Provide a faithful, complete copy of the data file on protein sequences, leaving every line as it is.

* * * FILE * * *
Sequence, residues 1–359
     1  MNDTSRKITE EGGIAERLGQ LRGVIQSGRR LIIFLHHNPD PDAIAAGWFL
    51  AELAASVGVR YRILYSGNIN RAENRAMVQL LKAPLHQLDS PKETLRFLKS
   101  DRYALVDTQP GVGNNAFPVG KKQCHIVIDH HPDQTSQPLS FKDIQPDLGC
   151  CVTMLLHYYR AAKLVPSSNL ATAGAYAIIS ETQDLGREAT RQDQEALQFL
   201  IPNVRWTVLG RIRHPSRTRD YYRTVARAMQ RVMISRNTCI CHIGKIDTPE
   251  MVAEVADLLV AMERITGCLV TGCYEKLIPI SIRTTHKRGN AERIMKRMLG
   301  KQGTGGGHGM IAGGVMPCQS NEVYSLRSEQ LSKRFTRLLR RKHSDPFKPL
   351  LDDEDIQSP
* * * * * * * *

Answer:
Sequence, residues 1–359
     1  MNDTSRKITE EGGIAERLGQ LRGVIQSGRR LIIFLHHNPD PDAIAAGWFL
    51  AELAASVGVR YRILYSGNIN RAENRAMVQL LKAPLHQLDS PKETLRFLKS
   101  DRYALVDTQP GVGNNAFPVG KKQCHIVIDH HPDQTSQPLS FKDIQPDLGC
   151  CVTMLLHYYR AAKLVPSSNL ATAGAYAIIS ETQDLGREAT RQDQEALQFL
   201  IPNVRWTVLG RIRHPSRTRD YYRTVARAMQ RVMISRNTCI CHIGKIDTPE
   251  MVAEVADLLV AMERITGCLV TGCYEKLIPI SIRTTHKRGN AERIMKRMLG
   301  KQGTGGGHGM IAGGVMPCQS NEVYSLRSEQ LSKRFTRLLR RKHSDPFKPL
   351  LDDEDIQSP